Figure: Logo of International Mineralogical Association. Details
A major exception to this rule is native mercury: it is still classified as a mineral by the IMA, even though it only crystallizes below -39 ° C, as it was included before the current rules were established. Water and carbon dioxide are not considered minerals, although they are often found as inclusions in other minerals; but water ice is considered a mineral. It must have a well-defined crystallographic structure; or, more generally, an ordered atomic arrangement. This property involves several macroscopic physical properties, such as crystal form, hardness and cleavage. It excludes ozokerite, limonite, obsidian and many other amorphous (non-crystalline) materials present in geological contexts and must have a fairly well defined chemical composition. However, some crystalline substances with a fixed structure but variable composition can be considered as a single mineral species. A common class of examples are solid solutions such as mackerel, (Fe, Ni) 9S8, which is primarily a ferrous sulfide with a significant fraction of iron atoms replaced with nickel atoms. Other examples include layered crystals with varying layered stacking or crystals that differ only in the regular arrangement of vacancies and substitutions. On the other hand, some substances which have a continuous series of compositions can be arbitrarily divided into several minerals. The typical example is the olivine (Mg, Fe) 2SiO4 group, the ends of which rich in magnesium and iron are considered to be separate minerals (forsterite and fayalite). The details of these rules are somewhat controversial. For example, there have been several recent proposals to classify amorphous substances as minerals, but these have not been accepted by the IMA. did not define a minimum crystal size. Some authors require the material to be a stable or metastable solid at room temperature (25 ° C). However, the IMA only requires that the substance be sufficiently stable for its structure and composition to be well determined. For example, he recently recognized Meridianiite (a natural hydrate of magnesium sulfate) as a mineral, even though it is formed and stable only below 2 ° C.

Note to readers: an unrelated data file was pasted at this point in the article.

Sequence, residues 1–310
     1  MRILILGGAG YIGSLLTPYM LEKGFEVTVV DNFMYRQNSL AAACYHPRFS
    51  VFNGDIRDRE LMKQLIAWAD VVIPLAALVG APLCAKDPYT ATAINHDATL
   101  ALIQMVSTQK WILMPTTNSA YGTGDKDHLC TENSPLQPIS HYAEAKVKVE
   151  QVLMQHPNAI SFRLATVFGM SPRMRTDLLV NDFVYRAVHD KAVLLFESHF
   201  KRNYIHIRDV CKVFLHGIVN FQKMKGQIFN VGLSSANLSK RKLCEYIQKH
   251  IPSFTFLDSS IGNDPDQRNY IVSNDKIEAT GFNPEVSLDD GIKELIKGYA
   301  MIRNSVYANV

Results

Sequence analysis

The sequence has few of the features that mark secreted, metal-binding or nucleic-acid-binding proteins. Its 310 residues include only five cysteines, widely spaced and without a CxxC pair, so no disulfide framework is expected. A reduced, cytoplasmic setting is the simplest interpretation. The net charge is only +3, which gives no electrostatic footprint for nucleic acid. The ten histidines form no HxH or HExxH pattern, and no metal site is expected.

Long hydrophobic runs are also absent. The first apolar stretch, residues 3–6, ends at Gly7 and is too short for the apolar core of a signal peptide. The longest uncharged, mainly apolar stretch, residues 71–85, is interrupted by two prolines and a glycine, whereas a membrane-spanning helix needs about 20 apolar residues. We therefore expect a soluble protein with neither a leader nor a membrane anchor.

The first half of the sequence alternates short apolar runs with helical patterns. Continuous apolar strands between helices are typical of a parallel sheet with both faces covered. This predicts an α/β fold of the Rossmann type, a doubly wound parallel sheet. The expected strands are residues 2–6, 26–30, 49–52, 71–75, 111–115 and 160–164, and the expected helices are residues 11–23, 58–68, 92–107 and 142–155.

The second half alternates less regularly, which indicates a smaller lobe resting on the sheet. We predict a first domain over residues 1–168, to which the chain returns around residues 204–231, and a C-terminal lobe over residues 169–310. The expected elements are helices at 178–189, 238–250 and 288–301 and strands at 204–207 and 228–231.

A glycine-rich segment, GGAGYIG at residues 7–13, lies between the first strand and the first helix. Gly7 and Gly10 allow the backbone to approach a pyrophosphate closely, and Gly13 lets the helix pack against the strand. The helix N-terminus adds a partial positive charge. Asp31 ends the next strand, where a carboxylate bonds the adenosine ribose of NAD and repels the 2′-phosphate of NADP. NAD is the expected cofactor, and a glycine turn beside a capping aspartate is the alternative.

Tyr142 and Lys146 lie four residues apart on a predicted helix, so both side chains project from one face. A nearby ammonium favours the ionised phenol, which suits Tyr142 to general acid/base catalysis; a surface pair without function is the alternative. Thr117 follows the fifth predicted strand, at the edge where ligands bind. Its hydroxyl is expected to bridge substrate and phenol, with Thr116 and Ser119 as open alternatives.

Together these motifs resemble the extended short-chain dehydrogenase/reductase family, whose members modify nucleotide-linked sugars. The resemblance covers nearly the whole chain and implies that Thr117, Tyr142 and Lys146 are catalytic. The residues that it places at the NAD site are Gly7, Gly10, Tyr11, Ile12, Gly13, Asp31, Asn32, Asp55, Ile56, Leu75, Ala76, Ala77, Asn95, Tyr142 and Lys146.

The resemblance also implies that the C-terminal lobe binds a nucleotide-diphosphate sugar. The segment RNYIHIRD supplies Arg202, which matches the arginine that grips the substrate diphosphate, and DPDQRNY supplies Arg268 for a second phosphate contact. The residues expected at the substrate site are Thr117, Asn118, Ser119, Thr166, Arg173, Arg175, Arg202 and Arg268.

Naming Minerals

As of January 2020, 5,562 mineral species are approved by the IMA. They most often bear the name of a person, followed by the place of discovery; names based on chemical composition or physical properties are the other two major groups of etymologies for mineral names. Most names end with “-ite”; the exceptions are usually names well established before the organization of mineralogy as a discipline, such as galena and diamond.
Figure: Origin of minerals names (1). Details
Figure: Origin of Mineral Names (2). Details


Figure: Lasalite. Details

The Biogenic Minerals Controversy